Tag Archives: human interaction

Editorial Correspondence: Introductory Paragraphs I Cannot Send

[For more on editorial correspondence, go here or here or most definitely here.]

Dear Sir:

Thanks for your email, in which you claim a “smirky blogger” has ruined English by telling you that the rule regarding the use of “that” and “which” is not based on actual usage. I’m the smirky blogger in question (though technically I’m a vlogger) and that’s not a smirk, but a medical condition. Thank you for bringing up such a painful subject; I hope I can be helpful.

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Dear Sir:

Thanks for your all-caps email. I must confess I had a hard time following your complaint about the existence of the world “self-abuse” due to the tremendous pile-up of gerunds in your primary paragraph. “Immediately stressing and so much annoying damaging” indeed. This paragraph on masturbation is a form of masturbation in and of itself, and I congratulate you on this subtlety.

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Dear Ma’am:

Thanks for your complaint about our app and your request for a free app upgrade as a consolation prize for hating our app so much. Your email was forwarded to me for response, which is a pity, because someone else would have deffers been nicer to you than I am about to be.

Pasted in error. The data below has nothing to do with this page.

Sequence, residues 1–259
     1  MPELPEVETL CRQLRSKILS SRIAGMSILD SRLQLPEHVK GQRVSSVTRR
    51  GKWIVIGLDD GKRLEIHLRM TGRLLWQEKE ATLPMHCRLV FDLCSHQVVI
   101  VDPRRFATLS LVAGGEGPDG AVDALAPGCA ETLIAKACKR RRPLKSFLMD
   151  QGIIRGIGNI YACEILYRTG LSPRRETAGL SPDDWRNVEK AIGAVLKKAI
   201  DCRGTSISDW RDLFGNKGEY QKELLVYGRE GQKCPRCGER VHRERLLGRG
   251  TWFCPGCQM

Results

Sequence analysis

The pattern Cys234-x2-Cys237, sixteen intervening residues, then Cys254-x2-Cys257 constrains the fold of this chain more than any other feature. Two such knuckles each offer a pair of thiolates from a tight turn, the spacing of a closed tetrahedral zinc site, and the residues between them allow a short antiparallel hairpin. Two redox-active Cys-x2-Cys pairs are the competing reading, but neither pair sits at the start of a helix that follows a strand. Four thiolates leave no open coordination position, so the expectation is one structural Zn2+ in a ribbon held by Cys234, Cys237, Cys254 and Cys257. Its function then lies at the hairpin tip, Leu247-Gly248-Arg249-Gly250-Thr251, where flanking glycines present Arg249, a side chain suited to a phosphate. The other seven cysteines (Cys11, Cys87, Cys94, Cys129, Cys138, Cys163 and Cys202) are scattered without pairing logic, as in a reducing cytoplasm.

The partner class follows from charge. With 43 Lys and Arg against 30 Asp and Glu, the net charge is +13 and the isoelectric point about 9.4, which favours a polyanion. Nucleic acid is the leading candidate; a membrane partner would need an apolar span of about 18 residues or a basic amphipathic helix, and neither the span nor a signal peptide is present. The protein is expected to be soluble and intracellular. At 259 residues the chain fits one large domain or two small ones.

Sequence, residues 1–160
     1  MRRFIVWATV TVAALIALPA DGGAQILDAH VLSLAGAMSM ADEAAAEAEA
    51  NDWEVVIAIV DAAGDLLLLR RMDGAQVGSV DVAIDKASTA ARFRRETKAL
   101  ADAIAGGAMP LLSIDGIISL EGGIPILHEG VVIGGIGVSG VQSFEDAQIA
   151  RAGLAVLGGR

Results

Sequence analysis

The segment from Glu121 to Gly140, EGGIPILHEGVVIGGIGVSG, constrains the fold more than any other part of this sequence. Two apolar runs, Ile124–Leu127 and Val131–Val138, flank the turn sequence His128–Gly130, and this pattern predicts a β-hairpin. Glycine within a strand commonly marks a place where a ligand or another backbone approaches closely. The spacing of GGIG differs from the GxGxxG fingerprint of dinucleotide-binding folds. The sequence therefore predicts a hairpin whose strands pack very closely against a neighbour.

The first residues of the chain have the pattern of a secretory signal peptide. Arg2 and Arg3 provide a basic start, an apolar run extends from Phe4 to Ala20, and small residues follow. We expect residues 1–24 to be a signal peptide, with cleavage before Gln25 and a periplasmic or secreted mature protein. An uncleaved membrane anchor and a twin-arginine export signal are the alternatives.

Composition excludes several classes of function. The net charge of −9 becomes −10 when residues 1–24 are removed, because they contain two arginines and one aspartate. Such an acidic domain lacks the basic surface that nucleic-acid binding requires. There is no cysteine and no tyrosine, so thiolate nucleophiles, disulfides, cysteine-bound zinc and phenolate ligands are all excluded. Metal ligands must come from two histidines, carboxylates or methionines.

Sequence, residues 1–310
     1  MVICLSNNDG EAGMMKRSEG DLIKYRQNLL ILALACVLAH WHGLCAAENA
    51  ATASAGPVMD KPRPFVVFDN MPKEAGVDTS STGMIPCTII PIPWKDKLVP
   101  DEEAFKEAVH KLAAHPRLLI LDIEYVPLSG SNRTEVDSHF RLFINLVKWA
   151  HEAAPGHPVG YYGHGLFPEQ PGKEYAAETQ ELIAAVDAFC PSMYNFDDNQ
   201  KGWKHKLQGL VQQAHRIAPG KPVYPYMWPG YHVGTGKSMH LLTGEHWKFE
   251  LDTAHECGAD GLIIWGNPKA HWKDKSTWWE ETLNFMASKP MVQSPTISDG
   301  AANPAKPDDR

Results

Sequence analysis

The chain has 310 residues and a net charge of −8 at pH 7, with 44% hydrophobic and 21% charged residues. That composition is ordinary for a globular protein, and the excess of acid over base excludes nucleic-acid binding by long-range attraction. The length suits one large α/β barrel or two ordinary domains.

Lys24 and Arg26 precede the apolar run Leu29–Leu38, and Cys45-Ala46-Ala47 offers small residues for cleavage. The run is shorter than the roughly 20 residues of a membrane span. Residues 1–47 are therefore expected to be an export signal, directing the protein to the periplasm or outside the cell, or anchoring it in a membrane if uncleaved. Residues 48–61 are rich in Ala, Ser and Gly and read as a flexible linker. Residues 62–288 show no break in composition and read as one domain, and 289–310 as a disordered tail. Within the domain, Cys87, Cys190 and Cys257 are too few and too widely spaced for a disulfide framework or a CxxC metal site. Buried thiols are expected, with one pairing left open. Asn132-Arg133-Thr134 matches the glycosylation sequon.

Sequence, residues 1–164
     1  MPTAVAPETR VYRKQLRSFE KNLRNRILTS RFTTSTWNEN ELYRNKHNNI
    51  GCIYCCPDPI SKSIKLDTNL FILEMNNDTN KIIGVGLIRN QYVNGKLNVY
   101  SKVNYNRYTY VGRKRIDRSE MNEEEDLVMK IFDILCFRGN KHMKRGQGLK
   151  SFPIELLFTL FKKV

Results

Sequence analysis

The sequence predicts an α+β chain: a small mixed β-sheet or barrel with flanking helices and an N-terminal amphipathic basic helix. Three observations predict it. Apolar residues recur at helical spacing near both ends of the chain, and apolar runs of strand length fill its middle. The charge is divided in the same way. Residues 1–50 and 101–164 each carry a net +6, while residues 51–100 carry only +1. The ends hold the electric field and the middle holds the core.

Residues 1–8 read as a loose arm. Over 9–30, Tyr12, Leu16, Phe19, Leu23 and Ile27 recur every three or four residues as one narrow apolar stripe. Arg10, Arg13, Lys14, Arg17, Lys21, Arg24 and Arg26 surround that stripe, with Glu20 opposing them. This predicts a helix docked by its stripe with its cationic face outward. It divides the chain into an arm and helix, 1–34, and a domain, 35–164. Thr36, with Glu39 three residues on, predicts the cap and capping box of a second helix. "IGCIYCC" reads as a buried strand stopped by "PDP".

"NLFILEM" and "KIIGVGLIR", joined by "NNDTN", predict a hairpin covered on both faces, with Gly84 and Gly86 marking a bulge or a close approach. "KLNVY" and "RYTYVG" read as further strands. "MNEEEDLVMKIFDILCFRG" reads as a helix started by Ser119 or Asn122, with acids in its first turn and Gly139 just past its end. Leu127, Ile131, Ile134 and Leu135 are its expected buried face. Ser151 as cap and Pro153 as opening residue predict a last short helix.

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Dear Ma’am:

Thanks for your lengthy email about the meaning of the word “agnostic.” It’s an astonishing piece of writing in that it hardly uses any punctuation at all. But its real genius is that it delivers an almost-convincing argument that agnosticism is atheism is pantheism. I mean, wow: well done. Not many self-proclaimed agnostics can go from claiming that agnostics simply cannot know whether any deity at all exists to claiming that agnostics therefore worship no gods and all gods, which are in all things/everywhere. Before I respond to your request to change all the meanings of these words in all dictionaries throughout space and time, let me quote some Monty Python at you: “There’s nothing an agnostic can’t do if he doesn’t know whether he believes in anything or not.”

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Dear Sir:

Thanks for your response. I am sorry to hear that the last person you were corresponding with was a crazy, unreasonable asshole, but I am not surprised in the least: the last person you were corresponding with was me. Since we’ve got a dynamic going, I hope you won’t mind if I continue to be crazy and unreasonable.

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Dear Sir:

Thanks for your email. I’m impressed that you want to create your own dictionary and have therefore compiled a list of all the science words in our dictionaries. That said, I have to laugh at your suggestion that perhaps we define them for you, since defining is a major waste of your time. I’ll get our top editors on that right away: after all, we live for doing our jobs for no pay, no recognition, and in violation of our in-house ethics code and common sense. Hey, look at that, it’s already done! It’s called the Collegiate Dictionary and you can put your name on it for $155 million dollars.

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Dear Student: